West was a person, not a caricature; a producer who people told shouldn’t rap. Although he had never been shot, he wasn’t soft. He fought and clawed his way to opportunity through hard work, determination and bombastic vulnerability. The advocates and dream killers encountered along the way were name-dropped on wax like a Game offering, adding recognizable characters to his Alchemistic journey—Joe “3H,” Dame Dash, Talib Kweli, Cam’ron, Jay Z, Capitol Records. His music reached mass appeal because it viscerally appealed to the masses. We felt him. In that sense, the Louis Vuitton Don began as the People’s Champ. Who couldn’t relate to being so self-conscious?

Comparing Kanye West To KANYE WEST

The guy dropping “motivational speeches” this year sounds inline with the guy publicly fulminating after losing Best New Artist to Maroon 5 at the 2005 Grammys; that pitched a fit after Late Registration went 0 for 5 at the VMAs in 2007. “I’m never coming to MTV!” he was caught screaming backstage. “Give a nigga a chance, man! Give a Black man a chance! I’m trying hard, man! I got the fucking number one record, man!”

In the aftermath of the Britney Spears Tirade, West told Z100 that he wasn’t upset that he left the VMAs empty-handed. He was upset because MTV misled him into performing in a suite at Las Vegas’ Palms Hotel instead of on the main stage and because the network reneged on a promise that Pamela Anderson (who was featured in the video for “Touch The Sky”) would not be allowed to say anything “disrespectful” of his then engagement to designer, Alexis Phifer. All of these seem like first world problems, but still… “Give a nigga a chance!”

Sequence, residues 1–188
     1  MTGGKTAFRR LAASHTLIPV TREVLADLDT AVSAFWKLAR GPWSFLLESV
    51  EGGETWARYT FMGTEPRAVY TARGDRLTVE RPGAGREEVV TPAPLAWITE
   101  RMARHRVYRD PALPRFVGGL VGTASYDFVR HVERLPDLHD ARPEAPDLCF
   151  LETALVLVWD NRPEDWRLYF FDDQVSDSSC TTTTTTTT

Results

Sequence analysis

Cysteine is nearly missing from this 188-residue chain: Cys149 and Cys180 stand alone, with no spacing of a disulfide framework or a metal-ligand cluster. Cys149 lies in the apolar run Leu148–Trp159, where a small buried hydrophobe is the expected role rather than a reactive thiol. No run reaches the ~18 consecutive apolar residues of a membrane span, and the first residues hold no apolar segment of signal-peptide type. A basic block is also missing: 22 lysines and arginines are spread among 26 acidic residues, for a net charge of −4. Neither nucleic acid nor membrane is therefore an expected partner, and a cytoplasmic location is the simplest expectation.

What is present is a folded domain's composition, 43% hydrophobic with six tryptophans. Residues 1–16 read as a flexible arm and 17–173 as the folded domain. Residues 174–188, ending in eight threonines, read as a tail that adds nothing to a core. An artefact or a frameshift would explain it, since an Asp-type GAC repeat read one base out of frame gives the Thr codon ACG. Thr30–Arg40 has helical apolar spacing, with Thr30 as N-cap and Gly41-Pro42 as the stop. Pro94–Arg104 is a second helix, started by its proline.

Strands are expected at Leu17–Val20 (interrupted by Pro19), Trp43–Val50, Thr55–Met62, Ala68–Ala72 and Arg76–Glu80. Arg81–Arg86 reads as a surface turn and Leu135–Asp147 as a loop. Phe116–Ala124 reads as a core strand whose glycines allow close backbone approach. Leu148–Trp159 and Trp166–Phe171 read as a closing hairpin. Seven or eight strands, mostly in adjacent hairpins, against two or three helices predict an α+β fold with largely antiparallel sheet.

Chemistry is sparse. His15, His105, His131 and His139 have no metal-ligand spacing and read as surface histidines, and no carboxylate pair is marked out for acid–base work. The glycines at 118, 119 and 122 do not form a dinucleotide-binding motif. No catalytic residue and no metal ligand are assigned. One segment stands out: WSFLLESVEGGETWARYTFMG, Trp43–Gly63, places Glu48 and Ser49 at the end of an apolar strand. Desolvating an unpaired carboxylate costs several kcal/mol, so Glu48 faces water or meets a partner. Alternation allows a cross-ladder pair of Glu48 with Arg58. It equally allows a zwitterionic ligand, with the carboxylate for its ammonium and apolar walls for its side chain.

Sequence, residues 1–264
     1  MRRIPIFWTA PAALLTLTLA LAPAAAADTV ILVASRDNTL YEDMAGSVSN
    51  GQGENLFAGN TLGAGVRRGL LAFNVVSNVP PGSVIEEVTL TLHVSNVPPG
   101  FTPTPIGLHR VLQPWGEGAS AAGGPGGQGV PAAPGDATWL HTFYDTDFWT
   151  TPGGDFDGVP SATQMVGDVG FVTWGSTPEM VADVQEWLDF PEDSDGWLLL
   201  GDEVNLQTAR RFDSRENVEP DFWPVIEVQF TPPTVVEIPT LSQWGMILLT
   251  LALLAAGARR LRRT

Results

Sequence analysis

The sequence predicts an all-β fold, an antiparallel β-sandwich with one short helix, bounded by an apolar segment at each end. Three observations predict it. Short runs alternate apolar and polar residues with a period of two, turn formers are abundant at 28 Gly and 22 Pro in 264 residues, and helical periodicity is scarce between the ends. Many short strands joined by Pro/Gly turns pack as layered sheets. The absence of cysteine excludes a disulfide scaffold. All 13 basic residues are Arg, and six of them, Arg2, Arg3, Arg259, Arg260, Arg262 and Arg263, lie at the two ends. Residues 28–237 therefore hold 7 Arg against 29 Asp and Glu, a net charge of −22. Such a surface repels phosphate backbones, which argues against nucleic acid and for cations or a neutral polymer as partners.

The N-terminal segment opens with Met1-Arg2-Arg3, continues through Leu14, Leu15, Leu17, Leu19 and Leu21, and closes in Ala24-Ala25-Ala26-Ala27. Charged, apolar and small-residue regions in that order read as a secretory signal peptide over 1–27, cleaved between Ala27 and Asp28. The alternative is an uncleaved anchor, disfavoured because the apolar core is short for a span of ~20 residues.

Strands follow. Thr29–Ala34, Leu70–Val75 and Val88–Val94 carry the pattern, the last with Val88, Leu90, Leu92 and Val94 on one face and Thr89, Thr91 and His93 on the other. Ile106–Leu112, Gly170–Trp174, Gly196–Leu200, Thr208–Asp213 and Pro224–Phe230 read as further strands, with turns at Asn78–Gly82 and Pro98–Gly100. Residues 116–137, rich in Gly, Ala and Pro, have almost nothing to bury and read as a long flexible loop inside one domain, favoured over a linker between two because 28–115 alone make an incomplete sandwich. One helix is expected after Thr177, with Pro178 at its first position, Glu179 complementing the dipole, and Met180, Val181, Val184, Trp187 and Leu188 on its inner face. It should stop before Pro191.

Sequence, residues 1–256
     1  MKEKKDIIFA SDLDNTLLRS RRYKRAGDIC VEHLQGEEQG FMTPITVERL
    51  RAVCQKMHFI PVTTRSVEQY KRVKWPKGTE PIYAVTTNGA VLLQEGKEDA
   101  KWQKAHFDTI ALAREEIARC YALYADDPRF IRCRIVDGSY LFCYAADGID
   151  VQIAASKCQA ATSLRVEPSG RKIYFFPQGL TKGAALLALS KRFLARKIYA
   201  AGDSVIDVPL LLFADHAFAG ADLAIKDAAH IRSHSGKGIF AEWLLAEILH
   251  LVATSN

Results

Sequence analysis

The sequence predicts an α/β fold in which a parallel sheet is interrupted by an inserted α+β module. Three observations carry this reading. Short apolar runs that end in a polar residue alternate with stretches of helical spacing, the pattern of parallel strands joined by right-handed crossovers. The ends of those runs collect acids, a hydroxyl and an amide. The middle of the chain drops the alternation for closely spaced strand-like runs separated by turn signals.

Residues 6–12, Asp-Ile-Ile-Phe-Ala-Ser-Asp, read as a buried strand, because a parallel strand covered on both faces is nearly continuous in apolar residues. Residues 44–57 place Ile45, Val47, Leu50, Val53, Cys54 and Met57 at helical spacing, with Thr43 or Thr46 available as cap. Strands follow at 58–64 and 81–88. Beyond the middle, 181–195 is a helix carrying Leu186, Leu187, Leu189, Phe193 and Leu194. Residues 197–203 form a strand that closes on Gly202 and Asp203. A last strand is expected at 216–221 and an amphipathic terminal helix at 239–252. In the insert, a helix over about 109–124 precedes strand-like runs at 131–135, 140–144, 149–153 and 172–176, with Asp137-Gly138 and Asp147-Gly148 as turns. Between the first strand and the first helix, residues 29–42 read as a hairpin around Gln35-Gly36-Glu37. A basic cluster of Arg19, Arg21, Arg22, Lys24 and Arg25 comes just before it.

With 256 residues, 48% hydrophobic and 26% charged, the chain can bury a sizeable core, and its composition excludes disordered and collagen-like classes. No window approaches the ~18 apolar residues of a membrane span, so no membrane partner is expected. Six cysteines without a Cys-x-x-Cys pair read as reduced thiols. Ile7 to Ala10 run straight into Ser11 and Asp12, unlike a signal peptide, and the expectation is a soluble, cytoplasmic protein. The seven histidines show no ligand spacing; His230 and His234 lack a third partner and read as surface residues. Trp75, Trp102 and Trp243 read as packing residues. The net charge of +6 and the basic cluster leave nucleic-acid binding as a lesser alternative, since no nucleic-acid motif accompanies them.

Earlier this year, Gawker leaked a “secret tape” of Kanye West rationalizing his Taylor Swift “I’ma let you finish” moment during the 2009 VMAs. (Breakups to make-ups to breakups, apparently.) Allegedly the conversation was recorded during a dinner at Manhattan’s Corner Bistro immediately following the awards show. “I was happy to be in a situation where people couldn’t say I was just trying to promote my own songs,” he says, before continuing: